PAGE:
The powerful Missouri House Budget Committee on Wednesday voted to phase out corporate income taxes.
Budget Chairman Cody Smith tacked the provision onto a key, Senate-approved bill to cut individual income taxes, the main focus of a special legislative session called by Republican Gov. Mike Parson.
The bill could come up for debate in the full House as early as today.
Under Smith's plan, corporate income taxes would drop from the current 4 percent rate to 2 percent beginning next year. The Republican's amendment would allow for continued, gradual cuts to the tax until it's completely eliminated.
The additional cuts would be triggered by higher-than-usual corporate income tax collections similar to those the state has recently seen. Corporate income and franchise tax collections increased more than 14 percent last fiscal year, for example, from $797 million the previous year to nearly $910 million.
Smith said cutting corporate income taxes will attract new business and allow Missouri companies to pay higher wages or otherwise invest more in their businesses.
"This should be an economic driver in the state," he said.
Democrats on the committee questioned whether cutting corporate taxes would bring more business to the state and instead advocated to spend the money on higher pay for state workers, tax cuts specifically for low-income workers and other government services.
Missouri lawmakers are considering tax policy during a special session focused on spending some of the state's record revenues, as many other states have done.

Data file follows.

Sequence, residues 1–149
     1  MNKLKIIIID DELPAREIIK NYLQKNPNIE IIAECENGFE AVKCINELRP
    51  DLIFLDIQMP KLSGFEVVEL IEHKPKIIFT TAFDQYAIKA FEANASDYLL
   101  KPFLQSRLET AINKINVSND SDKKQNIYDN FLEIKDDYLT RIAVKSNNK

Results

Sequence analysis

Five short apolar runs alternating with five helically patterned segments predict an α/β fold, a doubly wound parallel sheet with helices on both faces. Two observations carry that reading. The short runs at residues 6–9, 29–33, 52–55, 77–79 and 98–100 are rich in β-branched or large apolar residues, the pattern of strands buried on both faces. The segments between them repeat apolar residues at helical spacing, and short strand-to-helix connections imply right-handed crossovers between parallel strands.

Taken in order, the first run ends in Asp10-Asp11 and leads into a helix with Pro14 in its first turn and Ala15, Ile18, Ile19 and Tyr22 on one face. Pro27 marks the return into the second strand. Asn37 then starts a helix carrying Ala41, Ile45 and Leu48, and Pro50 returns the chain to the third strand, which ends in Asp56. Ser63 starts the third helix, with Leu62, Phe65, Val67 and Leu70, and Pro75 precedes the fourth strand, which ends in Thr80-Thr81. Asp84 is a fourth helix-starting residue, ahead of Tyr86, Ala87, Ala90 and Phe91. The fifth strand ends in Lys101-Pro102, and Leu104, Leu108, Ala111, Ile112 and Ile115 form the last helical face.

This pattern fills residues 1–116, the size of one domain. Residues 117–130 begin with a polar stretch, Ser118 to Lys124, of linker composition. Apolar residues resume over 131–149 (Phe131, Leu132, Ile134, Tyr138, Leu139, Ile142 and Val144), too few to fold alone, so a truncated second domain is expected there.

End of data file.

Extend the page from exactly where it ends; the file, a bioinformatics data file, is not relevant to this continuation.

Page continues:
More than two dozen other states have passed or are considering tax cuts or rebates in response to an outpouring of federal pandemic aid and their own surging tax revenue.
Parson asked Missouri lawmakers to take the top individual income tax rate from the current 5.3 percent down to 4.8 percent, as well as increase the standard deduction by $2,000 for single filers and $4,000 for couples.
He limited tax cuts to a maximum $700 million price tag per year.
But the GOP-led Senate last week passed a compromise bill to cut the top income tax rate from 5.3 percent to 4.95 percent next year, along with additional, incremental cuts until the rate hits 4.5 percent.
Senate leaders have said they hoped the Republican-led House would take up and pass the Senate version of the bill, ending the special session so senators would not need to return to the Capitol.
If the full House approves the bill along with the corporate income tax cut amendment, the two chambers will need to hash out the differences. It's unclear if senators, who negotiated behind the scenes for weeks to reach an agreement, will accept the House changes.
Both the House and Senate versions are different from what Parson called for.
A spokeswoman for the Governor's Office did not immediately return an Associated Press request for comment Wednesday on the corporate income tax cut proposal.